The civil service should be more fun to work forby Francis Maude / November 14, 2013 / Leave a comment
Reading the thoughts of the great and good commentators gathered by Prospect magazine to ponder Civil Service Reform in last month’s edition brought to mind some essential truths about this ever-present issue.
Firstly, it is important. Although it may not often top the news agenda, people care about it and rightly so. The Civil Service is one of the great institutions of the British political landscape. Secondly, it is cyclical. The same issues have been discussed and debated; the same reforms have been announced and, in many cases, ignored. Indeed, Civil Service reform is one of our great traditions – but it’s largely one of failure. Thirdly, there is no great disagreement over the current need for reform. Most critically, civil servants themselves are impatient for change.
As we have pursued our programme of reforms we have been frank about where progress has been slow. So we absolutely welcome suggestions for action and challenges to our plan, including those featured in these pages. We all share a goal to ensure the Civil Service delivers the best for Britain. But I’m afraid I don’t believe the answer lies in more strategy, more navel-gazing, more analysis. As the Prime Minister said back in June, “This is happening. We don’t need a ‘stop and analyse’ moment.” One of my team of outstanding Cabinet Office civil servants put it well: “delivery is too often the poor relation to policy.” What Mike Bracken meant was that the strategy is the delivery. You change things by doing them, not by talking about them. That’s how he’s approaching the mammoth task of switching Government, the Civil Service and the services we deliver to being digital. So, in this piece I will not set out a lengthy vision. I can tell you what we are trying to do. And then tell you where we are succeeding and where we are not. We will be judged more on our delivery, than our strategy. There is a vision, of course. It’s simple. A Civil Service which is smaller, flatter, faster, focused on outcome not process, more digital, more unified, more accountable for delivery, more capable, with modern terms and conditions, better managed with better performance management and, finally, more fun to work for. That’s it.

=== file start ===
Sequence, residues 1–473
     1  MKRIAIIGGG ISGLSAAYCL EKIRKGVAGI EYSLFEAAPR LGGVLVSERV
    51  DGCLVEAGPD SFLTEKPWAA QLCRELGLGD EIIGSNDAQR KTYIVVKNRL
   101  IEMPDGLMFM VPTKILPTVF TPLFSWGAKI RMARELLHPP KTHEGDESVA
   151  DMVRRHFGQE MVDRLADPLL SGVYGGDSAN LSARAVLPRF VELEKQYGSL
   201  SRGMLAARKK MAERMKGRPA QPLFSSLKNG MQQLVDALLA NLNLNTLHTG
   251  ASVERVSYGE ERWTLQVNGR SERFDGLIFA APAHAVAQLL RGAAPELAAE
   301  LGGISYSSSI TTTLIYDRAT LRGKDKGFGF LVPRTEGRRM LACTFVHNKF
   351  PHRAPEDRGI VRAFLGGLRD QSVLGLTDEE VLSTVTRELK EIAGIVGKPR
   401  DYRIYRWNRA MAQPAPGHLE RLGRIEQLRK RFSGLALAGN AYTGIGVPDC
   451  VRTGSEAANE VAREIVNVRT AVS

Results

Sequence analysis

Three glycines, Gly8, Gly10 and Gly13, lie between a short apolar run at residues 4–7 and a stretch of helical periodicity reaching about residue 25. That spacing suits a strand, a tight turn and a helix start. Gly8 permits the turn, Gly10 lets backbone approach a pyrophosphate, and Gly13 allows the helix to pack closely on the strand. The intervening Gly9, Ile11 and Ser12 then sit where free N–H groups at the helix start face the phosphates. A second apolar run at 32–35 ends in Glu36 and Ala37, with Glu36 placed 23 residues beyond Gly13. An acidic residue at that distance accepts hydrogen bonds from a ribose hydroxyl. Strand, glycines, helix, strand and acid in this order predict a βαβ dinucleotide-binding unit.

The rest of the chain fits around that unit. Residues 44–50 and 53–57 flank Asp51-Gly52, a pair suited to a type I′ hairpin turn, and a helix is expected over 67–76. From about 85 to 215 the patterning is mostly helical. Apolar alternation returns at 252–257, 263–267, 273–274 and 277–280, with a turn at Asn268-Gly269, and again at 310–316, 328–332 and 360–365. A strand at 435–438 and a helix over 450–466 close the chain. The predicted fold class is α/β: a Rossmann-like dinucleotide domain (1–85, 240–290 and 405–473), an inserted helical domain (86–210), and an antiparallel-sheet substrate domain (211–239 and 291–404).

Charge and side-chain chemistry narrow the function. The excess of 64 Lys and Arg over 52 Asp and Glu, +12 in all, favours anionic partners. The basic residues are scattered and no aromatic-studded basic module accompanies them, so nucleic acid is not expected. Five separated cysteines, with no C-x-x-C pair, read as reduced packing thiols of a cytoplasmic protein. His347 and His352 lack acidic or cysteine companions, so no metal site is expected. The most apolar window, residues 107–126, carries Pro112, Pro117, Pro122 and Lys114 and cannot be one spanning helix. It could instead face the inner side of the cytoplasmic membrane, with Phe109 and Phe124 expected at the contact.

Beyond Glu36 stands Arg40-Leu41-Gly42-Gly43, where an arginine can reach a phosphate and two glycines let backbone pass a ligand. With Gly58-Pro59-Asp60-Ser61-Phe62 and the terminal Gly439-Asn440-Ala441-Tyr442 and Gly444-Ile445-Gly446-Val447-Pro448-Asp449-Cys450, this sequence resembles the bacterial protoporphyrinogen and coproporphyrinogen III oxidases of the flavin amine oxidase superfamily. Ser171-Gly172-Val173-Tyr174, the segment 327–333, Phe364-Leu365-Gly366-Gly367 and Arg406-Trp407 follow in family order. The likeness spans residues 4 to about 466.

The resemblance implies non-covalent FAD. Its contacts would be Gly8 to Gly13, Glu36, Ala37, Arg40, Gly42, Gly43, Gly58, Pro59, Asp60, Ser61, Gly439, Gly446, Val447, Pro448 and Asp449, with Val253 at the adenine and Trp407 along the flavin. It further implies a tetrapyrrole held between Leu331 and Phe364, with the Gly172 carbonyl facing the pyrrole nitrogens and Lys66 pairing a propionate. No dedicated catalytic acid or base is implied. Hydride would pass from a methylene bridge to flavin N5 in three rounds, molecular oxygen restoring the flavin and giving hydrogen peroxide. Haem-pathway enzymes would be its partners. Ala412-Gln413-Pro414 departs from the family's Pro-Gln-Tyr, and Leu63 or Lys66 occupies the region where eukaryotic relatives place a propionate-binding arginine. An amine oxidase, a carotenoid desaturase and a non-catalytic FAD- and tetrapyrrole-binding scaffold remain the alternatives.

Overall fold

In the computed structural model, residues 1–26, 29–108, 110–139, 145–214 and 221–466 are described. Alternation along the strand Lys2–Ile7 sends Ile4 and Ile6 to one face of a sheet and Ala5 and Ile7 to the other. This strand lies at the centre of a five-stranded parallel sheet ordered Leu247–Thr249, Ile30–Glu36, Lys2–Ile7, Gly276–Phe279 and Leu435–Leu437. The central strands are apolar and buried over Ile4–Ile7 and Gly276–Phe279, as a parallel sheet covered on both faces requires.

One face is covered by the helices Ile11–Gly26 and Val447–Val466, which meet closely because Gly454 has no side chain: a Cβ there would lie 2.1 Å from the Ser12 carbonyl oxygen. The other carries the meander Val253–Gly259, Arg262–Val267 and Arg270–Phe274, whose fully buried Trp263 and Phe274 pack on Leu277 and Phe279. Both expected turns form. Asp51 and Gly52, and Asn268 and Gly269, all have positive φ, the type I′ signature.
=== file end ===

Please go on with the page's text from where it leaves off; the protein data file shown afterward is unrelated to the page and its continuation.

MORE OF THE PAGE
No one has seriously argued that any material part of the plan is either wrong or unnecessary – with the possible…